Who is eligible for Biden's student loan forgiveness plan in the US?

Here is what you need to know about President Joe Biden's plan to cancel student debt

View of Georgetown University campus in the Georgetown neighborhood of Washington, D.C. on August 19, 2018. (Photo by Daniel SLIM / AFP)
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US President Joe Biden this week unveiled a plan that would eliminate between $10,000 and $20,000 in student loan debt for borrowers across the country.

Mr Biden said his long-awaited plan would “provide more breathing room” for people struggling to pay off student loans. The White House estimates that 45 million borrowers have accumulated $1.6 trillion in debt.

The average tuition for public, four-year universities in the US from 2020-21 cost $9,400. That number exceeds $37,000 per year for private, non-profit institutions, the National Centre for Education Statistics reported.

If the plan survives the probable legal challenges to come, it could wipe out student debt for 20 million people, Mr Biden said.

Who is eligible?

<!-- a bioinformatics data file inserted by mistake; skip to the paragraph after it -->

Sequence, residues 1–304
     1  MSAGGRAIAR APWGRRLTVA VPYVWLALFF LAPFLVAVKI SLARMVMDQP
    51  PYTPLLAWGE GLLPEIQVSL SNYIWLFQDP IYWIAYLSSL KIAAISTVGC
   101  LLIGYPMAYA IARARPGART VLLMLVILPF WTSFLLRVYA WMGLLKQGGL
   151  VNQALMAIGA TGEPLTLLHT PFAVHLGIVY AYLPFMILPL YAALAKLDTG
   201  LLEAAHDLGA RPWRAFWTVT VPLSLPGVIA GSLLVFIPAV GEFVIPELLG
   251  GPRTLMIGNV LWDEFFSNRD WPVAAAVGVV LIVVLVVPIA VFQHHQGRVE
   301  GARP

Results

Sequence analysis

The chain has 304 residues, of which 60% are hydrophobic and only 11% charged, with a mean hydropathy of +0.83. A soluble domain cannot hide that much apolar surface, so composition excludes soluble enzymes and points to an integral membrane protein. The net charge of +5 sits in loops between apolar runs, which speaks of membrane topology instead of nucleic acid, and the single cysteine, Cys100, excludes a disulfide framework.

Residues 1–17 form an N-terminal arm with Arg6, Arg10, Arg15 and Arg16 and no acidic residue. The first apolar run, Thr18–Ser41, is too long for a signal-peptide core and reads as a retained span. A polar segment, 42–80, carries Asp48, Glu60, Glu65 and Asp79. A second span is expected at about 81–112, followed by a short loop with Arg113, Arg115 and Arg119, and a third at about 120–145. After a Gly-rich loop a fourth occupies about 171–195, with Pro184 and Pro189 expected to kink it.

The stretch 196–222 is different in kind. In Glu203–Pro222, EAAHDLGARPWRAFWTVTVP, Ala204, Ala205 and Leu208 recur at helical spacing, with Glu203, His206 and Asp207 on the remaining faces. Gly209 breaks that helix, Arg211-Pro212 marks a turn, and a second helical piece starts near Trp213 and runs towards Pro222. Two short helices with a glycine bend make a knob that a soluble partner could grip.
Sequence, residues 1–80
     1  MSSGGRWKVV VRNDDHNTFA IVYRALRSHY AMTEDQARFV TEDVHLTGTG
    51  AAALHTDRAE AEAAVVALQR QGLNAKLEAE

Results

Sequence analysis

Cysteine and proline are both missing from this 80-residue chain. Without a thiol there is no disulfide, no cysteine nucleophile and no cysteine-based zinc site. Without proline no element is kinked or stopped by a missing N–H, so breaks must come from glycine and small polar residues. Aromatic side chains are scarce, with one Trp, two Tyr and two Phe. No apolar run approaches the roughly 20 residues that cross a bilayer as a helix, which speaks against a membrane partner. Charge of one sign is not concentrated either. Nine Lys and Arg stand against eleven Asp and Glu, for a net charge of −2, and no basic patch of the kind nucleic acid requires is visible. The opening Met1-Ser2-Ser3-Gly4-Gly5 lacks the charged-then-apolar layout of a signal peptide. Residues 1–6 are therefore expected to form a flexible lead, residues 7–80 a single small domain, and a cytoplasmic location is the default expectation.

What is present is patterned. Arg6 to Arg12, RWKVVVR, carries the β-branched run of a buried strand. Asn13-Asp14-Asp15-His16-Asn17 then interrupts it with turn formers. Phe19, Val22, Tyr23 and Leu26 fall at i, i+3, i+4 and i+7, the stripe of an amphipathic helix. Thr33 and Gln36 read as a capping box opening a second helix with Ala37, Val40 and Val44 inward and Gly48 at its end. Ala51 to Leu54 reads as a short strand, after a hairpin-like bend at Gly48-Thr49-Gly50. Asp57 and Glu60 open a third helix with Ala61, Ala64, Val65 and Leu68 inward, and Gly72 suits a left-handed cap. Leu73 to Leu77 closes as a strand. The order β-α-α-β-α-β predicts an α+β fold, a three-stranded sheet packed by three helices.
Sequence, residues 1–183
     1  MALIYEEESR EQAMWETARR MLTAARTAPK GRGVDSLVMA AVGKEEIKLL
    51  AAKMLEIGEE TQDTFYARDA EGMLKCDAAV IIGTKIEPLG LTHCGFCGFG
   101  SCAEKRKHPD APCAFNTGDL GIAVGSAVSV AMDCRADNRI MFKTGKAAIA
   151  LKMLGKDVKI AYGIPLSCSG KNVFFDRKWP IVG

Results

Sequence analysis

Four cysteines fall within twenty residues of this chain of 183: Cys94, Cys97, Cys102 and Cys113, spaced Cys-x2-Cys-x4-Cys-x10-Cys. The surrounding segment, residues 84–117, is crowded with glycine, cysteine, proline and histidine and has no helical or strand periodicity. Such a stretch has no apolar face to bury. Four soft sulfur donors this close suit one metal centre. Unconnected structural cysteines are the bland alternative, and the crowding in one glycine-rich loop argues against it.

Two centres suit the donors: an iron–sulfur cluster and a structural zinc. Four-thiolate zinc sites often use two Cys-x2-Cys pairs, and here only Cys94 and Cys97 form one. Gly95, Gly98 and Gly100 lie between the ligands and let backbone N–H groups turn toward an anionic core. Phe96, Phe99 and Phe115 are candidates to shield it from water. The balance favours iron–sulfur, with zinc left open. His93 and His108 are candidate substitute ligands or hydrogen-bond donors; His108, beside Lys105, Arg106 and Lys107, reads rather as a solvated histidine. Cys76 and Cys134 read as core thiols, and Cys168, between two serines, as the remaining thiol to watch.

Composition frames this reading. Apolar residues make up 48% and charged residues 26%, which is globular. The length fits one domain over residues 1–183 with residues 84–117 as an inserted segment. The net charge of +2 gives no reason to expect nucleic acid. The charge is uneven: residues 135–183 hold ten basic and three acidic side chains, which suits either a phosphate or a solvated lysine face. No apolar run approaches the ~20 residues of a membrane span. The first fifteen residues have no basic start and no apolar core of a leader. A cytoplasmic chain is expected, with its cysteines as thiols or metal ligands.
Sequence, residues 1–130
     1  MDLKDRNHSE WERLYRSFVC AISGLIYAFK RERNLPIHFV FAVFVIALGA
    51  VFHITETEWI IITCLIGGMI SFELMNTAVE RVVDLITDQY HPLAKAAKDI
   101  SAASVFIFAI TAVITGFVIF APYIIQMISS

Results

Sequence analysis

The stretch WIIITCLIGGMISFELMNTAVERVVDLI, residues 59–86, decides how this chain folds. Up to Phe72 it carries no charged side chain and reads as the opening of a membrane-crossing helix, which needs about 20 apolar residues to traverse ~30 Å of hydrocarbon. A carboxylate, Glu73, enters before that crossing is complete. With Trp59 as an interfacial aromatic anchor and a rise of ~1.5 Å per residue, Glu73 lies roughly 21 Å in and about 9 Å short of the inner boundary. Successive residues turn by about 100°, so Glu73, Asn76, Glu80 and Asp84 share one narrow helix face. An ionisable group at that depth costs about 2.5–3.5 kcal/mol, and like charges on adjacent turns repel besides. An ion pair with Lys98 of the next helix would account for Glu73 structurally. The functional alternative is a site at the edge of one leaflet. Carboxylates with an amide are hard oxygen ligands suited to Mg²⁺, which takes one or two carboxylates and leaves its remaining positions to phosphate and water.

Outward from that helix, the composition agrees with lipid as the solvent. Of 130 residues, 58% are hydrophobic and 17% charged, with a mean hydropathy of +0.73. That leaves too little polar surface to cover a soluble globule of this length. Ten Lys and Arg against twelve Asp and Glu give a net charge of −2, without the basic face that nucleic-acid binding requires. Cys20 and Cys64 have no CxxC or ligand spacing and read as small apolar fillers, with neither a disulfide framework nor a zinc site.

People who are single and have an income of under $125,000 qualify for the $10,000 student loan debt elimination. Those who are married and have a joint income of under $250,000 will also be eligible.

Eligibility is based on adjusted gross income and only federal student loan debt is eligible.

People who received a Pell Grant and do not exceed the income threshold will be eligible to have up to $20,000 in student loan debt cancelled.

Pell Grants, which generally do not have to be repaid, are reserved for university students with the most significant financial need. About 27 million Pell Grant recipients are eligible for loan forgiveness.

Students currently enrolled in university will qualify for the debt relief measure if their loans were issued before July 1 and if their parents earn less than $250,000 per year. The plan does not apply to future university students.

How do you apply?

Some people will not need to apply for the student loan debt relief because the US Department of Education has income data for a small portion of borrowers. Others will need to prove their incomes via an application process.

Applications will be available before the end of the year, officials said.

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Updated: August 26, 2022, 8:28 AM